New Genesis G90 2016 review
We get a first taste of Hyundai's premium brand, Genesis, in South Korea
The important thing about the G90 for UK buyers is not so much how it drives, but what it points to. If Genesis really is to sell in Europe, it needs to be an improvement on previous ‘posh’ Hyundais – and it is. Genesis has some way to go before it matches even the likes of Lexus for brand image in this part of the world, but this car is a major step in the right direction. It’s Korea’s most credible attempt at a luxury car yet, and will do well in its target markets.
Does the car world need another premium brand? Hyundai seems to think so, having announced late last year that Genesis would become a go-it-alone marque to mirror, for example, Lexus’ relationship with Toyota.
Six new models are planned by 2020, and the first of these is the G90, ostensibly an alternative to the Mercedes S-Class that will be sold in markets such as the US, Russia, China and the Middle East.
Significantly, though, the lack of a diesel engine means there are no plans to sell the G90 in Western Europe. Indeed it’s unclear which – if any – new Genesis models will make it to Europe, although Hyundai design chief Peter Schreyer did suggest to Auto Express at the recent Detroit Motor Show that the two SUVs the brand is set to make stood the best chance of being sold in European showrooms (although whether that includes the UK is also to be determined).
So what can we expect from the newly conceived Genesis? We got our first early taste in a brief drive of a Korean-spec G90 on the roads around the South Korean capital, Seoul.
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From the outside, the car cuts quite an imposing figure. A large hexagonal grille dominates the front end, while a long bonnet, tall shoulder line and beefy rear haunches give it a look that blends a degree of elegance with a suggestion of athleticism.
The new brand’s winged badge sits atop the grille; from a distance you’d be forgiven for thinking it had taken some ‘inspiration’ from Aston Martin’s.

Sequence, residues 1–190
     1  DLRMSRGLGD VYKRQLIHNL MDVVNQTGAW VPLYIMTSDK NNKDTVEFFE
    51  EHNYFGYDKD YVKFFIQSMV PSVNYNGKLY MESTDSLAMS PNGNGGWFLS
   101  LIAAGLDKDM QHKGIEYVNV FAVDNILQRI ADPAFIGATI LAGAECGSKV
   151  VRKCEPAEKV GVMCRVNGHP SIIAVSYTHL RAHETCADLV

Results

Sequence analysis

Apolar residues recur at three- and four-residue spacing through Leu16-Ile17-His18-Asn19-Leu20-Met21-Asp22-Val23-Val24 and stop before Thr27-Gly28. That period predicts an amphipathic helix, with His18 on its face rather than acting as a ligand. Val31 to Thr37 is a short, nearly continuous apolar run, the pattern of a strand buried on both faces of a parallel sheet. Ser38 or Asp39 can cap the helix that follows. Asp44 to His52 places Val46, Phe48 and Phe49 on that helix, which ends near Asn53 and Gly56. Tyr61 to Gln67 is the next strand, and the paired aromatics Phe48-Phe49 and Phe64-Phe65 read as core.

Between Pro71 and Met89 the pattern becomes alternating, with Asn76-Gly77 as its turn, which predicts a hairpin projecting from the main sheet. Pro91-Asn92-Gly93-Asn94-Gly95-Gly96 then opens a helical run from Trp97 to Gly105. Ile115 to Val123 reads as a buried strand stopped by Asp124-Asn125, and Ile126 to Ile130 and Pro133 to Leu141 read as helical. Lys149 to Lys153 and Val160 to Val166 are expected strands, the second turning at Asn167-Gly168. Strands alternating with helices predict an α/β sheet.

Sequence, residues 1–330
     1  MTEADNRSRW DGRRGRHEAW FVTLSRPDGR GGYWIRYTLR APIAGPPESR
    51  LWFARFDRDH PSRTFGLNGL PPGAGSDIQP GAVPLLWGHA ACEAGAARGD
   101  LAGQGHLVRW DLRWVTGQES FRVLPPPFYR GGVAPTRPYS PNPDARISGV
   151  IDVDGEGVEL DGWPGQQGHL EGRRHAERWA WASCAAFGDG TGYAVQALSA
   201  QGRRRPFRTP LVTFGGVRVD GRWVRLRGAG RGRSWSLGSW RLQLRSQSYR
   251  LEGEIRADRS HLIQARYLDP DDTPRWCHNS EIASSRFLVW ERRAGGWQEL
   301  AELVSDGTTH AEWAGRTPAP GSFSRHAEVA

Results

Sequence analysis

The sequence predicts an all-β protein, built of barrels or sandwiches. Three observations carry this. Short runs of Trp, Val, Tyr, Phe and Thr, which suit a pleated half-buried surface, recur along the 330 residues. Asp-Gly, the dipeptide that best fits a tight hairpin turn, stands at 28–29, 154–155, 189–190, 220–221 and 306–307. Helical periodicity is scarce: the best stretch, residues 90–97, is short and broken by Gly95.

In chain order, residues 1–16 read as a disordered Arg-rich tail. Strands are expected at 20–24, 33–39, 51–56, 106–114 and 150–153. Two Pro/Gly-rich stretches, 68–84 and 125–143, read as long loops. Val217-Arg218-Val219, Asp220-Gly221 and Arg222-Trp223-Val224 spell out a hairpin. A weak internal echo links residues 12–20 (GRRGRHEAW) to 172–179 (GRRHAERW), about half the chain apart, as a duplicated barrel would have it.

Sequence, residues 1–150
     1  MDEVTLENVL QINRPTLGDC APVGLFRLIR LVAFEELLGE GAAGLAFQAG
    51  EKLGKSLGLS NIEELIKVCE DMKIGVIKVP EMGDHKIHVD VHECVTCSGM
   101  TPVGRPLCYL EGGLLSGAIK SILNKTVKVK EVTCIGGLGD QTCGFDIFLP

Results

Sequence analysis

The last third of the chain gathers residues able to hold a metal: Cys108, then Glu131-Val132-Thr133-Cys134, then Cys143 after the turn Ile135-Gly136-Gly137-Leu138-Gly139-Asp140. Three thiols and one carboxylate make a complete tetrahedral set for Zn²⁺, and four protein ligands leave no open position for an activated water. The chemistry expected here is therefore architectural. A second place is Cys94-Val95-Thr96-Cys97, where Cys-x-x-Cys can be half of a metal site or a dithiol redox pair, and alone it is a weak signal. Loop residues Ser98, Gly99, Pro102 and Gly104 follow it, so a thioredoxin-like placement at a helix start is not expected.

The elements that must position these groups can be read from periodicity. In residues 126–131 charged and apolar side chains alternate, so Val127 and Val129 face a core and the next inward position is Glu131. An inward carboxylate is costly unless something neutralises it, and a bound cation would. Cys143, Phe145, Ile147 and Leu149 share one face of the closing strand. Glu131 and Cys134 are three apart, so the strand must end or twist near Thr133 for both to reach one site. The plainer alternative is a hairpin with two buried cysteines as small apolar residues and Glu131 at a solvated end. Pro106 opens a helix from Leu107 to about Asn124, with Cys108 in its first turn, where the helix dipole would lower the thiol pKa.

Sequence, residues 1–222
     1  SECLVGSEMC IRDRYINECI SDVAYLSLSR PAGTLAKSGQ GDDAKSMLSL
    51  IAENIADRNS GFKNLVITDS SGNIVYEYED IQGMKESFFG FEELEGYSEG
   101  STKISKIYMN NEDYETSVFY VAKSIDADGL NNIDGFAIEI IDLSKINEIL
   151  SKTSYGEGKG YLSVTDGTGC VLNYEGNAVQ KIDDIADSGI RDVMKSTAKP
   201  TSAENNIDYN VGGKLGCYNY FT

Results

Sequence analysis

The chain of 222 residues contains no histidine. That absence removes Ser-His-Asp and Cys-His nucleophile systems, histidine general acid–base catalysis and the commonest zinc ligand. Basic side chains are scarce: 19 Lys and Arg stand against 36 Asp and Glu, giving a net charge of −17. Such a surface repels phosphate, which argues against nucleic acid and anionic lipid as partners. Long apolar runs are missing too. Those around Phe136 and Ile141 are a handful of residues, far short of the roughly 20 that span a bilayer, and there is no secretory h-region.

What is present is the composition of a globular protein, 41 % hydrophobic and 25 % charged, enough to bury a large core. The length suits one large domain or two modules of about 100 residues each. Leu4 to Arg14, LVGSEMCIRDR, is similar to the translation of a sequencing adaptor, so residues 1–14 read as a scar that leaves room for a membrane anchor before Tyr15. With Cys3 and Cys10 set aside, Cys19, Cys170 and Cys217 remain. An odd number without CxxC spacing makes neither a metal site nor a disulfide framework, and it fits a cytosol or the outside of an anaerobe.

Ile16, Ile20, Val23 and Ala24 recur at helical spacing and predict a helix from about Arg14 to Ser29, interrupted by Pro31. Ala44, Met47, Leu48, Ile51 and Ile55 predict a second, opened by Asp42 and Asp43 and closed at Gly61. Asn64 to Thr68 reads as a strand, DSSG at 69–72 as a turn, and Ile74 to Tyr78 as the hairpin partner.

At 5,205mm, the G90 is longer than the Mercedes S-Class (5,116mm in short-wheelbase form), and it’s wider too (1,915mm vs 1,899mm). Both are the same height (1,496mm). It’s a properly large car, then, but it carries its size well, and certainly in a less gaudy fashion than its Hyundai Equus predecessor.
Inside, it’s upped its game, too – it’s certainly the most convincing ‘posh’ cabin from Hyundai yet. It’s impeccably built and features a mixture of leather trim with contrast stitching, real wood and polished aluminium inserts. There is undoubtedly more of a genuine premium feel than in some of the wannabe interiors we have seen on previous ‘upmarket’ Korean cars.
A 12.3 inch high-definition touchscreen dominates the dashboard, while at the rear there is more passenger space than in the Equus it replaces thanks to a 4.5-inch increase in the wheelbase. Rear occupants are also well catered for with individual screens and reclining seats.
There’s all the equipment you could feasibly want, although Hyundai R and D chief Woong-chul Yang told us all Genesis cars will be “honestly” specced to keep costs down. He explained: “On some premium cars, manufacturers include unnecessary tech. Some things are put in that are never used. We won’t put stuff in that is expensive simply because it is a premium car”.
Three engines are available – a 307bhp 3.8-litre V6, a 360bhp twin-turbo 3.3-litre V6, and a 414bhp direct-injection 5.0 V8. It was the V8 we tried on our brief drive, paired with an eight-speed automatic gearbox and the optional H-Trac all-wheel drive.
As you would expect, the overriding impression is of refinement. The Genesis makes swift, comfortable progress although occasionally there was a hint of engine and wind noise filtering into the cabin
0-60mph is a claimed 5.7 seconds with the V8, and it certainly felt capable of that, although flooring the throttle saw the gearbox occasionally struggling to keep up.
Four driving modes are available – Sport, Eco, Smart and Individual – although Sport is the only one where there’s a discernible difference. The steering weights up and the soft-ish ride got noticeably firmer, with imperfections on the road surface much more obvious.
We only got a limited opportunity to give the Genesis a workout on back roads. While it was clear the all-wheel drive gave decent grip, there was noticeable body roll in corners – although that’s unlikely to be too much of a concern for the G90’s target buyers.
Judging by the amount of Equus and Genesis drivers we saw in Seoul, there’s a big appetite for the comfort and kit these models deliver – and the G90 offers more of the same in a superior all-round package that’s moving ever closer to what European rivals can offer. Whether that translates into European sales success for the brand in future remains to be seen.